Wednesday, July 7, 2010

Still, my heart is an open secret...someone tell me, have I been gifted or robbed?

Hey ya’ll,

The life of a rehabilitator is full of ups and downs. Here’s the down - Last week I had to euthanize Stephanie, the Great Horned owl. She started going downhill over a period of about 36 hours. Her poor head FROZE upside down and neither she nor I could right it, so she couldn’t feed herself because she couldn’t swallow. At the same time she started using her right wing as a kickstand because her balance was so off. I cried hard for a day on that one. When you have so much time invested in a bird, only to watch it go south…**sigh** Thanks to Jeff, the Good Samaritan, who stood watch over her that day so nothing would happen to her until I could come pick her up and made a substantial financial contribution to help me feed her. I tried so hard. I am sorry.

We also had to do a second surgery on the Barn owl, Icabod. Things were coming along nicely until about 10 days after the first surgery, when he start chewing his wing. Not good. Put him back on pain meds and we had to go back in to remove more bone. He’s a very quiet, well behaved patient. I will keep my fingers crossed that he will adjust to a life in captivity and will become a good teacher. Barn owls are so different anatomically, they have their own sub-family of owls… They are space creatures, to be sure. With the most asymmetrically placed ears of all the owls, Tyto Alba can catch food in almost complete darkness. Don’t let that sweet countenance fool you, he will bite the crap out of you and not feel the least bit sorry!

On a happier note - All the babies are out! Woo Hoo! It’s important for the Screech babes to keep a VERY low profile during the day so they aren’t eaten by larger raptors, so I go up at night to ‘trill’ the baby Screech owls in for supper. They are so funny as they zoom from tree to tree and then glide down to the hack board for a mouse… The bell is what I use for the young hawks during the day. SO, there are two serving shifts at my house right now. NO vacationing for moi! Chef Boy-Ar-Teener!

Hmmm…this is like Piccadilly Cafeteria! Which one do I want?

They will come every night for a while, then as they start to find food on their own, they will come less frequently, thus, weaning themselves of my help. Raising them to come to this hack board is called ‘operant conditioning’ and is crucial to the survival of babes that don’t have parents to teach them what to do… The ‘trilling’ I do when I come up the trail to feed them, I start when they are still captive and gets them to associate that sound with supper, like ringing the proverbial dinner bell! Pavlov’s owl, so to speak.

The Ledger News of Cherokee County posted a very nice article about the release of Hollis the Hawk… Thank you, Jessica, for a spiffy write-up! We appreciate it very much! This pic was taken at my home, the day before the release. As you can see, Hollis is READY!

Me, Hollis, Holly Springs Mayor Downing, Officers Carswell and Ladner

Here we go! The release was behind this abandoned house just off the road where the nice officers stopped and directed traffic around the downed bird. Of course, what does Hollis do, but promptly drop to the ground, rather than shooting out at Mach III. I had to go get my gloves, pick him up and set him aloft. As he flew away, a feather drifted down… It was lovely. A happy ending, indeed…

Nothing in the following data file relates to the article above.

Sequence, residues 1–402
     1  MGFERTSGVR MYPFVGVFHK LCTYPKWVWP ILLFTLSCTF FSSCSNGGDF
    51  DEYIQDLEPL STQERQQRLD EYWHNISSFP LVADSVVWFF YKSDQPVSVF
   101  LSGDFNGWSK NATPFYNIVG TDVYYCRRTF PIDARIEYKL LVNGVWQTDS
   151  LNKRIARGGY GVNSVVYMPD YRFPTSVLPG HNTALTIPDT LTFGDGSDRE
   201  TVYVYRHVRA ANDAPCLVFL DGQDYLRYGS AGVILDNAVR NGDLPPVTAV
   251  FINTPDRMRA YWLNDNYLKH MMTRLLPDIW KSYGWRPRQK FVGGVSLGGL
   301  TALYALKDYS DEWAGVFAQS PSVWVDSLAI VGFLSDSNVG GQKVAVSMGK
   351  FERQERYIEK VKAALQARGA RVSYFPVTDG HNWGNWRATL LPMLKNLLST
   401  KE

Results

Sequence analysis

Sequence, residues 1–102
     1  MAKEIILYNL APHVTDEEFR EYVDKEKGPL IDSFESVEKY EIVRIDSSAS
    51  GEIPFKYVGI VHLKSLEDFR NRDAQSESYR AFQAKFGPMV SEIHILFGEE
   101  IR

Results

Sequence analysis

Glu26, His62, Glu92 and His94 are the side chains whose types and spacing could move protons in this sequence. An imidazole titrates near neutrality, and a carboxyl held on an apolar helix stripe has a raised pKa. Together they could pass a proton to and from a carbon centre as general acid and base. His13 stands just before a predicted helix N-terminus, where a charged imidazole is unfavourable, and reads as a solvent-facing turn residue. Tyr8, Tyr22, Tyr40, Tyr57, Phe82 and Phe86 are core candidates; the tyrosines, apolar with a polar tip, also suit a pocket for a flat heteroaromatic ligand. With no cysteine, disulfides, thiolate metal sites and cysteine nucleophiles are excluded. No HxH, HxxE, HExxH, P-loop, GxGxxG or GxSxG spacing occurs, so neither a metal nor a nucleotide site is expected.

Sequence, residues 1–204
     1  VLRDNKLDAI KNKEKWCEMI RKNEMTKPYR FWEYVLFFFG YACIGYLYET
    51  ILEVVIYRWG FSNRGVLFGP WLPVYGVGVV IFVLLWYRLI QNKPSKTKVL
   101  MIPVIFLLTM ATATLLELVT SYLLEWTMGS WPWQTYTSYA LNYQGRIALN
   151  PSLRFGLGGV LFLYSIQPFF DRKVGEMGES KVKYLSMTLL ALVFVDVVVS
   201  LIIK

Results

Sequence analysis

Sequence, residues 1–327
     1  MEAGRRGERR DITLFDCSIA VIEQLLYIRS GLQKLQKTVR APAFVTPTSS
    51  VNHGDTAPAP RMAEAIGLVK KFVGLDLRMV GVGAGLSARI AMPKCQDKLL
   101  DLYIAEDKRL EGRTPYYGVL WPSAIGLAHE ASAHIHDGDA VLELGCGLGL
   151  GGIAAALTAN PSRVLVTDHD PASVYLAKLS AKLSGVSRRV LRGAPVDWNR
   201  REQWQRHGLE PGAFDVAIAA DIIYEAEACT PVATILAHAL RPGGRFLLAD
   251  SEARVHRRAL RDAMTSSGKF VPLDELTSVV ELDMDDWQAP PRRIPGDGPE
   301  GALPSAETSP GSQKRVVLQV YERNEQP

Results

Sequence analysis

Dear Grace has been doing so well since her other surgery to remove the right hallux talon, I keep forgetting to mention her sweet self! She has now been transferred from REHAB over to POSSESSION so I can now start working with her as an educational ambassador. The purple stuff on the right stub are the sutures that will eventually fall off. Thanks to Dr. Martinez and all the loving hands at Loving Hands Animal Clinic over in Milton! I love you guys!

Once again, thank you for taking the time to read my blog and if you have something to donate for the auction, please call me to arrange the pick-up. Your ten dollar ticket will buy 20 whopping mice! Click on to 'send money'. Plug in our email address - and it will walk you through the rest! ….m.


At July 9, 2010 at 1:21 PM , Blogger Gaina said...

You did your best for Stephanie and that's the main thing. At least she went peacefully surrounded by caring people rather than suffering in the wild, hand she not been found.

I'm thrilled about Grace! I've been internally cheering her on since we first were introduced through your blog. I am sure she'll make a wonderful education bird :).

At July 31, 2010 at 2:50 PM , Blogger Karen Ross said...

Hello Monteen and Grace. It was so nice to meet you in person (or in hawkdom) on July 18. Hard to believe it was less than two weeks ago; seems SO LONG AGO.

I did not know you'd so recently had a loss. I'm sad to read about Stephanie.

I'm not sure I understand all the differences about which raptors are rehabbed (and where) vs those in possession for education vs those who are rehabbed and released? I do know we got to see a baby in training for release - bies eating Mousies at the hack board.

And we enjoyed seeing the flock of beautiful chickens. And I was honored that mother cat chose to visit me for a rub!

At August 23, 2010 at 2:36 PM , Blogger Sung Wook said...

that's just..
All we need is love for all the creatures..

At August 23, 2010 at 2:37 PM , Blogger Sung Wook said...

That's just.. so...
All we need is love for all the creatures including us..


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